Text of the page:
Over the past few decades, when people think of crime in South and Central America, images of drug cartels and human trafficking horrors always seem to spring to the top of people’s minds. But now, in the digital age, is a shift to illicit cyber activities on the horizon?
It seems that Latin America’s criminals are dropping into the so-called “Dark Web” to purchase malware and ransomware as the criminal tactics mostly seen in Eastern Europe, Russia and Asia, are going global.
Cybercriminals worldwide have traditionally employed code devised by the Russian and Eastern European to execute global cyberattacks. A new and enterprising group of Latin American hackers — especially in Brazil and Mexico — are writing their code and selling it around the world. With banks in Latin America ill-equipped to deal with the proliferation of new cyberattacks, criminal syndicates have begun to make them victims, and they also have an eye on targets in the United States.
These New Latin American Malware Strains are “No Amigos”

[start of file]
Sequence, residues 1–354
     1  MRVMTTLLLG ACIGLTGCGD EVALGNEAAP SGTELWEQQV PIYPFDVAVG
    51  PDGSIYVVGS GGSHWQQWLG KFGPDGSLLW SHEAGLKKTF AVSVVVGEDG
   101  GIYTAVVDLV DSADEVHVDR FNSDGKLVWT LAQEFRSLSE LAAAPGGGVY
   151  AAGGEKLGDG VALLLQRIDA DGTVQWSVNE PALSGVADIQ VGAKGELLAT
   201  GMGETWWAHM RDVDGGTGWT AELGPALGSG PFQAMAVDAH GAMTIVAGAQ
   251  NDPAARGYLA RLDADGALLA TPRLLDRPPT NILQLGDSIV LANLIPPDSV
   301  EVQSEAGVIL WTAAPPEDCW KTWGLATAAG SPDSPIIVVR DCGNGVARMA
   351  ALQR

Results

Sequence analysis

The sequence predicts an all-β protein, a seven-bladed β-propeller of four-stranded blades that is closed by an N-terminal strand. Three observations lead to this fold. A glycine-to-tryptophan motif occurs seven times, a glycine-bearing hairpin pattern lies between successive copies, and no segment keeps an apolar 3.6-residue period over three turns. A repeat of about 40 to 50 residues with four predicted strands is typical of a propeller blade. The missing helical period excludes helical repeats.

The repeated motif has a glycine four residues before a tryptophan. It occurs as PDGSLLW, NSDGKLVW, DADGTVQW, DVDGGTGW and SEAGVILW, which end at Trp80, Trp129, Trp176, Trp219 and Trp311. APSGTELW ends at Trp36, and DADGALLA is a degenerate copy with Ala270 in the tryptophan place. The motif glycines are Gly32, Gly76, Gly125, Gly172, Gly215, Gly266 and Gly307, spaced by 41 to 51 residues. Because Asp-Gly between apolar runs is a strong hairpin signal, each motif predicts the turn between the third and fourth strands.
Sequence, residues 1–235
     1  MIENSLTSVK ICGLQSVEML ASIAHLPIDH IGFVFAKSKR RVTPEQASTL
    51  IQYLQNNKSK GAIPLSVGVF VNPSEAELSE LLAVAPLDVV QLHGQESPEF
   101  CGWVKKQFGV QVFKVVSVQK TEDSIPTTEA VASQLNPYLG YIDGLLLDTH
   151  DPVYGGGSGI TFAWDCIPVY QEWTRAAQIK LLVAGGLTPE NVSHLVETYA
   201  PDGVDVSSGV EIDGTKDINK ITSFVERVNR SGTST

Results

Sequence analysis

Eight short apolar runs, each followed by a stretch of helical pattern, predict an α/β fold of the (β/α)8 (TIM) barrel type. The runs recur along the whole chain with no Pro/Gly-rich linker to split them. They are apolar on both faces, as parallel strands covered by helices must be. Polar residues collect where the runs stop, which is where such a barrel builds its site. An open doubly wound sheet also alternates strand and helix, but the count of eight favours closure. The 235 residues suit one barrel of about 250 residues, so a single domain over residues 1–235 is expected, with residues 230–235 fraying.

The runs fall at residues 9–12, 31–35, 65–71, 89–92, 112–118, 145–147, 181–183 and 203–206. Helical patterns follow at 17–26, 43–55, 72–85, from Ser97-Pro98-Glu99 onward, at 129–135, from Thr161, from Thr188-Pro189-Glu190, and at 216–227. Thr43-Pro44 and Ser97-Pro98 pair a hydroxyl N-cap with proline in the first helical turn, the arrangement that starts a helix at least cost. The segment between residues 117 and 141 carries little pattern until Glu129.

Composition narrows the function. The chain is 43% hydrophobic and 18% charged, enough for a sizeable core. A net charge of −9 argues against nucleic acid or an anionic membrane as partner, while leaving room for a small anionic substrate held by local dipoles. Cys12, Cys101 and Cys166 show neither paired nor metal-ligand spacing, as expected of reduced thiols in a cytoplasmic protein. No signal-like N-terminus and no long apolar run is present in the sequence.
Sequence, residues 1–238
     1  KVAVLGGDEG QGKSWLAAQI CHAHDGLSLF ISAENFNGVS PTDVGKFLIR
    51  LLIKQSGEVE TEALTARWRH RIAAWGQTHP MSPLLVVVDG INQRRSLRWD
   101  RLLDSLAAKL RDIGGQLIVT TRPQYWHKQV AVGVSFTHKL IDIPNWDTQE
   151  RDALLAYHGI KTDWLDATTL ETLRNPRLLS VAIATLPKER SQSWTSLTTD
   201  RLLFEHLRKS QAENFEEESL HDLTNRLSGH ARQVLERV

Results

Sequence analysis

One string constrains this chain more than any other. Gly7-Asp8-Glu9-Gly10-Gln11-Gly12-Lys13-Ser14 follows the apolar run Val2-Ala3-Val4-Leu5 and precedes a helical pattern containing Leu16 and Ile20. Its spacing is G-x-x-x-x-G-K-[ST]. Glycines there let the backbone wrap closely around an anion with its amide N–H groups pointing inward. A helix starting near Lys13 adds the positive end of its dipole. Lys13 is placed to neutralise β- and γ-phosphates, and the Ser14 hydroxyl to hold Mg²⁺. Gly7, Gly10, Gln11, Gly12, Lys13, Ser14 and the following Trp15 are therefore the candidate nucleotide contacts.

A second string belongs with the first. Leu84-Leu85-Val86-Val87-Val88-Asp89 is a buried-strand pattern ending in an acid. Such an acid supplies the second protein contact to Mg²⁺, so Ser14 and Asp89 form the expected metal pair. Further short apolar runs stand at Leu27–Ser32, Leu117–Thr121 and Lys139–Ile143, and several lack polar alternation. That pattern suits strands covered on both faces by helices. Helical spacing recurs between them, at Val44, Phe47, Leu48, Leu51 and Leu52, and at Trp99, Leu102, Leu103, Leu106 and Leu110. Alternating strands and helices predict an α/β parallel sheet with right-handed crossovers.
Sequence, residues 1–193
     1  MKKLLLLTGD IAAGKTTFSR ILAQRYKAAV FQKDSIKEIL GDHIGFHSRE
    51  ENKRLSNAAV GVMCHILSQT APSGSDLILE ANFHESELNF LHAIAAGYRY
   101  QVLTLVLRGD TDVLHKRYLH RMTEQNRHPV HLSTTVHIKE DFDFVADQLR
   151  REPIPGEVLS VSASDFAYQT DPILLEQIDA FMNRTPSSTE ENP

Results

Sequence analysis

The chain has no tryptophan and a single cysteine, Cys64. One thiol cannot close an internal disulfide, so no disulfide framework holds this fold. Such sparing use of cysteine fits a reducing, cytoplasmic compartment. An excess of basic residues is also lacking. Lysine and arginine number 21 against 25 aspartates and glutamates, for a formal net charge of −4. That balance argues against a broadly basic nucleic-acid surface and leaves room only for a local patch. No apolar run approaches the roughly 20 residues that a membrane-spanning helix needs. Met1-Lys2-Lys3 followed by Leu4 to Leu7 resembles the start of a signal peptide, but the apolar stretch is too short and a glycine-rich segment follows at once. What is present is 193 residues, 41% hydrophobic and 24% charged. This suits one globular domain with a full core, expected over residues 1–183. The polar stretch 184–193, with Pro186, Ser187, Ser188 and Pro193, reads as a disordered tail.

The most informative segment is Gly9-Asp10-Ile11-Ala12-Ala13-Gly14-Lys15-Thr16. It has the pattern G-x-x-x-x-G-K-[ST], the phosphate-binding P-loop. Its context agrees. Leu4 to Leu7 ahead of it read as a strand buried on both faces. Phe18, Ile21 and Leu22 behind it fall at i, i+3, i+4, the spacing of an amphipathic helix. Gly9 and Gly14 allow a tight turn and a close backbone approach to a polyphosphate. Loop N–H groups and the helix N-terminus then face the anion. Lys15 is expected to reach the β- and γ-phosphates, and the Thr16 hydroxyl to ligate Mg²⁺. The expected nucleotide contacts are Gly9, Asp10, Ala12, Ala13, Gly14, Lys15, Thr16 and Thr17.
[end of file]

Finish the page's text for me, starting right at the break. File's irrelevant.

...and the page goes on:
Amavaldo, which is a Brazilian Trojan that was designed to target Spanish and Portuguese banks, started attacking financial institutions in Latin America’s largest economy in 2019. It expanded its reach, however, with attacks recently reported in Mexico.
Ploutus, which is part of a Mexican family of malware, allows users to exploit ATM machines. ATM manufacturer Diebold Nixdorf said in 2018 that US authorities have warned of potential attacks in America utilizing the malware. The Organization of American States or OAS, says that Ploutus malware has also been sold to criminal groups in the US. In Colombia and Venezuela, cybercriminals use ransomware to steal information from high-level executives and then use the stolen information to blackmail them.
The effects are just beginning to be felt in a big way as OAS research suggests 92 percent of banks in Latin America reported hacks in 2018. The region’s banks collectively lost a total of $809 million in 2017 as a result of cybercrime. In 2019, in response to an increase in incidents, Brazilian authorities ordered all banks to have a cybersecurity policy.
Latin America is now poised to be the next hotbed for cybercrime. With no shortage of targets globally, and knowledge of the tactics started in faraway continents, expect the number of hacking attacks to continue to increase over the next several years.